Development of a Semicontinuous Spray Process for the Production of Superhydrophobic Coatings from Supercritical Carbon Dioxide Solutions
journal contributionposted on 28.01.2015 by Pontus Olin, Caroline Hyll, Louise Ovaskainen, Marcus Ruda, Oskar Schmidt, Charlotta Turner, Lars Wågberg
Any type of content formally published in an academic journal, usually following a peer-review process.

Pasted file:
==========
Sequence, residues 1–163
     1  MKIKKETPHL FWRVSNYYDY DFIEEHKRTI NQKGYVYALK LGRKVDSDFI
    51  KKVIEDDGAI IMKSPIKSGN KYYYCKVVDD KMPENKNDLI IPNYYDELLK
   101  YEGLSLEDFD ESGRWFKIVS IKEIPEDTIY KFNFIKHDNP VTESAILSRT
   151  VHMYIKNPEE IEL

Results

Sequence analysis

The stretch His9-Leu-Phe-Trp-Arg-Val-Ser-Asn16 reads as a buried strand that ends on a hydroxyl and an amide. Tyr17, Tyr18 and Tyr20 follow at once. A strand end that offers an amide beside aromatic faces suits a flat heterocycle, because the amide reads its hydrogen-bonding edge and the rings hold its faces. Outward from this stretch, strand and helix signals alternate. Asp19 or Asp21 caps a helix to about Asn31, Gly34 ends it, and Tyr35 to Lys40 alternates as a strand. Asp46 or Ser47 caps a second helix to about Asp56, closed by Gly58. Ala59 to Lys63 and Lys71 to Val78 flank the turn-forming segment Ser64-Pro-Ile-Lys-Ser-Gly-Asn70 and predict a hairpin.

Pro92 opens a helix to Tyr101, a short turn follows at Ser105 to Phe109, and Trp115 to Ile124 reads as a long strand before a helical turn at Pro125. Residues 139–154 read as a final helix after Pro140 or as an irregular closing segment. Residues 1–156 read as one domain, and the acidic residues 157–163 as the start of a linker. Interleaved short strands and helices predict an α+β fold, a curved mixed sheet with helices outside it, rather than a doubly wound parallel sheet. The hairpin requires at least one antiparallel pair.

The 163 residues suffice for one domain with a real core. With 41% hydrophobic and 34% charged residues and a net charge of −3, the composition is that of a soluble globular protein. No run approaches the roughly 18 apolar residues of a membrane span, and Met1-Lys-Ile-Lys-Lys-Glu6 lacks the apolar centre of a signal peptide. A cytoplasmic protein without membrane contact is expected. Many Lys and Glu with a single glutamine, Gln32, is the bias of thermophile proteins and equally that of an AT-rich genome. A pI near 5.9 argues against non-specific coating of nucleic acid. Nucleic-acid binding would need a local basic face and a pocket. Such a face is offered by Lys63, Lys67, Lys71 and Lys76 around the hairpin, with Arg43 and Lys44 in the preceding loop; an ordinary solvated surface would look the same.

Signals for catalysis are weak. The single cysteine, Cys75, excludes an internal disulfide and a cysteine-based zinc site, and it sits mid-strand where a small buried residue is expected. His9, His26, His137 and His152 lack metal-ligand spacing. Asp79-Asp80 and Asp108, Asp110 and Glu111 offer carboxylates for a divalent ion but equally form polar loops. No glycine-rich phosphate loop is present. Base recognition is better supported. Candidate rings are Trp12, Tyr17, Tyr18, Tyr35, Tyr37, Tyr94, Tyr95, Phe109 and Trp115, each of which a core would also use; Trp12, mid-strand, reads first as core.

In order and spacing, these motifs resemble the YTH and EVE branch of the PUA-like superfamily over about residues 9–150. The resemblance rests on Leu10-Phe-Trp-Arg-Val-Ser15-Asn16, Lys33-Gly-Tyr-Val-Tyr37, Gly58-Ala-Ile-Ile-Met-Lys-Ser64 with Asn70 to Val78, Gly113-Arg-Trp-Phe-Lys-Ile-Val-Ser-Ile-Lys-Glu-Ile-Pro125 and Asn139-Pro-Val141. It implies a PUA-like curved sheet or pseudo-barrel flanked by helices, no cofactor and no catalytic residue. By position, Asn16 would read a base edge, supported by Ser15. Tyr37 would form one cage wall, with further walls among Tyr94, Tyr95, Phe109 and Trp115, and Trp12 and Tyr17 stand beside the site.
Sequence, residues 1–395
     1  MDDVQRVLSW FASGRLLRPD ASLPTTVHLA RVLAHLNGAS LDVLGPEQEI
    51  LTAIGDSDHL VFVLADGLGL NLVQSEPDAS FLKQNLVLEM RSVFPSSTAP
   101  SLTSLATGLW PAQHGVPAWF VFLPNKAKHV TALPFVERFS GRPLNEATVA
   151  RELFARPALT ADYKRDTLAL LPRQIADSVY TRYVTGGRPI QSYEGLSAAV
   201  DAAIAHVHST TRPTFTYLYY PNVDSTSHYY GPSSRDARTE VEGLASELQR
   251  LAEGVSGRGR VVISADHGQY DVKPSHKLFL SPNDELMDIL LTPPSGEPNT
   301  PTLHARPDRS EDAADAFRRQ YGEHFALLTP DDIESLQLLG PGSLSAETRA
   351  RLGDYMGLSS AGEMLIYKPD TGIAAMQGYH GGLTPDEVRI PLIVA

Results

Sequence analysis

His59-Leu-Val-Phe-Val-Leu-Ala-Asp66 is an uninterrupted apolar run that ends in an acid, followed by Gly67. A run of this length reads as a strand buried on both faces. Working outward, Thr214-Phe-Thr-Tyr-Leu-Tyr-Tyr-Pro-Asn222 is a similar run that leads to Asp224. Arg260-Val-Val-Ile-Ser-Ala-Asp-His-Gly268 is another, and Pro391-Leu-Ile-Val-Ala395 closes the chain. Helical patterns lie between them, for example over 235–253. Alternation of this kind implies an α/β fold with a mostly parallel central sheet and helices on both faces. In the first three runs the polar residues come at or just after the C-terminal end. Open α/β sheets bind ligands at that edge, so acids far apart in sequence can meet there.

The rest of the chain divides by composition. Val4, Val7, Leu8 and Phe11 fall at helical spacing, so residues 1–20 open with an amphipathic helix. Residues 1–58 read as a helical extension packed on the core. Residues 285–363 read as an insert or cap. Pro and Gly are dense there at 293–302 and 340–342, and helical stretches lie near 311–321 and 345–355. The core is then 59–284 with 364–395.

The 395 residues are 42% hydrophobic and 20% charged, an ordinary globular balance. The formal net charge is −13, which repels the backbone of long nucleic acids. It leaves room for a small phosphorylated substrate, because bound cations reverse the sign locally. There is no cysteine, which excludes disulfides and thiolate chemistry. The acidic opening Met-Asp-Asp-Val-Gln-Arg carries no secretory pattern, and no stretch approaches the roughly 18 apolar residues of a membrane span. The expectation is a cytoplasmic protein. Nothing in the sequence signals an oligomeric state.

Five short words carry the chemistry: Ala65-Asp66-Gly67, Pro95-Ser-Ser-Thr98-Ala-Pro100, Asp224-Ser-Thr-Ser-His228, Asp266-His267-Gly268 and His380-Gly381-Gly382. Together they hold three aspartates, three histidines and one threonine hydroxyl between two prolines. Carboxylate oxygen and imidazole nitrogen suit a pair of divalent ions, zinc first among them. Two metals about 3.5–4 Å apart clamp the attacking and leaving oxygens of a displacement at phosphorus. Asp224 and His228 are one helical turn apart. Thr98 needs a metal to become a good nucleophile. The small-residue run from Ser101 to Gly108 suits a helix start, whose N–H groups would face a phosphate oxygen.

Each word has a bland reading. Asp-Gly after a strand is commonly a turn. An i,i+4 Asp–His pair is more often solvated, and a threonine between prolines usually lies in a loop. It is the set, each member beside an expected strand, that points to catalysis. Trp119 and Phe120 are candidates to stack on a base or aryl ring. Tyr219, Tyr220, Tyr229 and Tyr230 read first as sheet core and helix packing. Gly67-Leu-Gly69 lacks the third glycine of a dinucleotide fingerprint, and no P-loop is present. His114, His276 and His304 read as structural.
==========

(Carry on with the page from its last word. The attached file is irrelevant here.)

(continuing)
Superhydrophobic surfaces have been fabricated in a continuous spray process, where an alkyl ketene dimer (AKD) wax is dissolved in supercritical carbon dioxide (scCO2) and sprayed onto the substrate. The mass of extracted AKD from scCO2 has been investigated as well as the pressure, temperature, and flow of CO2 at the steady-state spray conditions. Several different substrates such as glass, aluminum, paper, poly(ethylene terephthalate) (PET), and polytetrafluoroethylene (PTFE) have been successfully coated, and the superhydrophobic properties have been evaluated by measurement of water contact angle, water drop friction, scanning electron microscopy (SEM), and surface topography. The most efficient spray process, considering surface properties and mass of extracted AKD, is obtained at the lowest temperature investigated, 67 °C, and the highest pressure evaluated in this study, 25 MPa. We also show that the influence of preexpansion conditions (p, T) on the surface temperature at the selected spray distance (3 cm) is negligible by measurement with an infrared camera during spraying.